Pensioners are not really that financially bad off, according to research by a financial firm.
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The tax paid by a retired household is enough to buy Britain’s cheapest car – the £6,500 Kia Pinto – with £500 left over towards the running costs.
Following recent freedoms unlocking billions of pounds of pension cash, understanding how their money is taxed is becoming a top priority for many pensioners.
The claims come from Prudential, one of Britain’s largest financial firms, and are based on analysis of Office of National Statistics data from the 2012-2013 year.
The firm reveals the £6,500 tax bill comprises income tax and other indirect taxes, such as VAT.
How much tax pensioners pay
The figures also show that the average retired household has an income of £21,800, with 30% going to HM Revenue & Customs (HMRC).
The total tax take from pensioners, says the firm, comes to £47.26 billion a year.
It’s too early to assess how pension freedoms introduced in April 2015 will affect the figures, but the Treasury forecast the new measures would raise an extra £320 million a year in tax straight away, rising to an additional £1.22 billion by 2018-2019.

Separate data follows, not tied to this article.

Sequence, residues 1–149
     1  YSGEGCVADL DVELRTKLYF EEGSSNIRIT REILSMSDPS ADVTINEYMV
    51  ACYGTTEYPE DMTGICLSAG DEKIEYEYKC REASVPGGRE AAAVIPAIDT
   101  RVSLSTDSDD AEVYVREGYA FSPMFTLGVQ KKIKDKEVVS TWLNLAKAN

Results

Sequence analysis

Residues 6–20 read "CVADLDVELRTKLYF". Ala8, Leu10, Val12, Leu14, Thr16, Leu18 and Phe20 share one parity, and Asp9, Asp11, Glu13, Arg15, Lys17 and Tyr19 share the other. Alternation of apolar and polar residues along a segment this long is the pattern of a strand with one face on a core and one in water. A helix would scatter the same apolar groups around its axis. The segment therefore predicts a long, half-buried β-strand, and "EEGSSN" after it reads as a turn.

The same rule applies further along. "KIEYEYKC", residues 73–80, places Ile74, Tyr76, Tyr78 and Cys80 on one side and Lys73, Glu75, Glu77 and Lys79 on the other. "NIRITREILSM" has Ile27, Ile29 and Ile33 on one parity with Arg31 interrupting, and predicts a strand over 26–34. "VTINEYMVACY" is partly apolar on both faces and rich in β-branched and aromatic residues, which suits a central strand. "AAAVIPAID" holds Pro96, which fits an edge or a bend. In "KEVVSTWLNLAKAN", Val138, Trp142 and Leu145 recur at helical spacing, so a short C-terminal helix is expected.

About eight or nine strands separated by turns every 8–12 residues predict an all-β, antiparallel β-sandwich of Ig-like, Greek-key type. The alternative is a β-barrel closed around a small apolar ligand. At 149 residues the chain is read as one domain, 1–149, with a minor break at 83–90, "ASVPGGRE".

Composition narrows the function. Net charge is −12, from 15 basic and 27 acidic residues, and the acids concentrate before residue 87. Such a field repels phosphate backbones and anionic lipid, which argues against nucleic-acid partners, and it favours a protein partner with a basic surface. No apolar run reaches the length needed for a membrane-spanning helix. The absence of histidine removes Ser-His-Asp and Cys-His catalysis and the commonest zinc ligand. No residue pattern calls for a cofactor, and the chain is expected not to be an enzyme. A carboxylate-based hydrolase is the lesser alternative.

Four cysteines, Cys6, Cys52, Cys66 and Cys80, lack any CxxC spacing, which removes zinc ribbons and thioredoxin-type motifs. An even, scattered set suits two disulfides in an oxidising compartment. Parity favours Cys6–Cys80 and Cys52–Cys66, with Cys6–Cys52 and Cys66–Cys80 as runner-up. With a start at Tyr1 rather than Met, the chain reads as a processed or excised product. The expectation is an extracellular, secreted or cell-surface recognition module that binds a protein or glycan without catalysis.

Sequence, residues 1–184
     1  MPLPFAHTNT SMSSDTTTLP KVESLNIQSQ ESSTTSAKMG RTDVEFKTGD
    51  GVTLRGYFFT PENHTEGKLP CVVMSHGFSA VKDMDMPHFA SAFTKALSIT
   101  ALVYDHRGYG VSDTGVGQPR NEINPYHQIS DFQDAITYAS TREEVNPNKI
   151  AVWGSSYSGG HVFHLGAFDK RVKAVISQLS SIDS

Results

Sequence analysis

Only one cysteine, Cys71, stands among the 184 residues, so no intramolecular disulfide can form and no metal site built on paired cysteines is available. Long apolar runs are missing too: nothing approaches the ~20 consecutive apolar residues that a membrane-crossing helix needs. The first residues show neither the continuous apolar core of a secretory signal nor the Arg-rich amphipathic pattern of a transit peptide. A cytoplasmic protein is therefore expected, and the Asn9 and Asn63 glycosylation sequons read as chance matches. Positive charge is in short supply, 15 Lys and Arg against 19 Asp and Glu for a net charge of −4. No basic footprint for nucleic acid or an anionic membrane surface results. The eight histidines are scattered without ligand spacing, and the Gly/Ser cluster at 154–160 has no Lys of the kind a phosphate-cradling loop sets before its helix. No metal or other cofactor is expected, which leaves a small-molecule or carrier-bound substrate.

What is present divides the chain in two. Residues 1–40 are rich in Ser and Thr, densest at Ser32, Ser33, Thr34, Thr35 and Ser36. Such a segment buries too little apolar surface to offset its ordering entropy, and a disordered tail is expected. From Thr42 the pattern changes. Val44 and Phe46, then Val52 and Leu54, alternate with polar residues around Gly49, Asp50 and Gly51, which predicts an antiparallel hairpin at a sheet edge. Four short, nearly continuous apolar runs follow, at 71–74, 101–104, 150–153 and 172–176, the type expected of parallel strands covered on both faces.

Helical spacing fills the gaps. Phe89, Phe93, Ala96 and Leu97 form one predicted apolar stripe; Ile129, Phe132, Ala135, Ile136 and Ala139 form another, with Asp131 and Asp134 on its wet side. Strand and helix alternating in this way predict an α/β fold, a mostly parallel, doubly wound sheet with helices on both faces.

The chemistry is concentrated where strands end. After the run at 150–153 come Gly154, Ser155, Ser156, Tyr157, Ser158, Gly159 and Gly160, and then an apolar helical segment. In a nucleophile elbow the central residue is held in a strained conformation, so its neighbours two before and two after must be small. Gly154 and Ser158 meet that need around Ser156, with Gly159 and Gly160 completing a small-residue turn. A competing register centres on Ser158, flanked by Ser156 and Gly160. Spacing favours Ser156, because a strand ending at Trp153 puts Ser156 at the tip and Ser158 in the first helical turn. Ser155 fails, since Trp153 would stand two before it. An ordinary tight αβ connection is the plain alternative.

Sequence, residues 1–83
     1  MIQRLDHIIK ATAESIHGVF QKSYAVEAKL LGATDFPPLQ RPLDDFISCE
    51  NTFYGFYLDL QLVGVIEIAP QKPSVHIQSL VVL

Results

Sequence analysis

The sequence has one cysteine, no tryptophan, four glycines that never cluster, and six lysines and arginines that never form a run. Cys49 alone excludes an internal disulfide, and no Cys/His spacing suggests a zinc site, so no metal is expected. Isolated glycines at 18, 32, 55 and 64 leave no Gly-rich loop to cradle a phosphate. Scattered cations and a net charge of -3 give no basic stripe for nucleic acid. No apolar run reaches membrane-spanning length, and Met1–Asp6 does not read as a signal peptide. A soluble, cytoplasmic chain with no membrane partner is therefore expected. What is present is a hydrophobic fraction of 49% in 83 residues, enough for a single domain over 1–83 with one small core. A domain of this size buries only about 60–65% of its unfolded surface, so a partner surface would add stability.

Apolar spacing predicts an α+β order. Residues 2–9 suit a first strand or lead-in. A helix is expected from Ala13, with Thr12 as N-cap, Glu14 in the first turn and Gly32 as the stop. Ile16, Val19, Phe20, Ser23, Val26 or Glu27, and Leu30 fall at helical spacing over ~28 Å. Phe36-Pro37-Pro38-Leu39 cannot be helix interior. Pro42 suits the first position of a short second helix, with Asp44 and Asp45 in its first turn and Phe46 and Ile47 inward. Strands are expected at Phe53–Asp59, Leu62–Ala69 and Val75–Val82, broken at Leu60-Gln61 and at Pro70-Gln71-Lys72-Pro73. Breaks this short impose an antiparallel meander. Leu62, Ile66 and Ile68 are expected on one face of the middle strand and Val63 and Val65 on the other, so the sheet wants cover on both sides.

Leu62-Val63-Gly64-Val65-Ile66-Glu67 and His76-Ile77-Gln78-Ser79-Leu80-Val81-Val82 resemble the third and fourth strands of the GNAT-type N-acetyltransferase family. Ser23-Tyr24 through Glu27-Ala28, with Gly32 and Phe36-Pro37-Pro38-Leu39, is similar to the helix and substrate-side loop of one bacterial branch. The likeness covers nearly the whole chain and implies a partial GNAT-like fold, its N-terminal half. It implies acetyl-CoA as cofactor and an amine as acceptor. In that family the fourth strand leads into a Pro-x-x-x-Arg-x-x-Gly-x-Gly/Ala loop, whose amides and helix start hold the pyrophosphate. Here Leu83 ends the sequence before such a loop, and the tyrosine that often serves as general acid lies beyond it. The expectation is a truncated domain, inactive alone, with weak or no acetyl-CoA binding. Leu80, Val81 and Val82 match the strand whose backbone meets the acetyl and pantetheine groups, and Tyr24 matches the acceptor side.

The Prudential argues that this rise in taxes should urge pensioners to consider tax planning advice before accessing their pensions.
Stan Russell, retirement income expert at the firm, said: “Retirement savers now have more choices and options about how and when they take an income from their pension.
“This wider choice can mean some people may end up reducing their spending power by paying unnecessary tax when taking professional advice could have left them with more money.
Where the money goes
“Talking to a tax adviser will not allow every pensioner to buy a new car but should produce some tax savings for most people.”
The study disclosed retired households pay double the amount of indirect taxes, such as VAT, vehicle excise duty and duties on booze and fuel than they do on direct taxes, such as income tax and council tax.
Around 60% goes on indirect taxes and the rest on direct taxes.
In some cases, pensioners can control the amount of tax they pay by watching how they spend their money to save VAT and other duties.
“It’s not possible to legally avoid paying tax, but retired people can take advice about spending their money to pay less,” said Russell. “They need to remember that what they have at retirement is what they have for the rest of their lives and should learn to spend wisely.”
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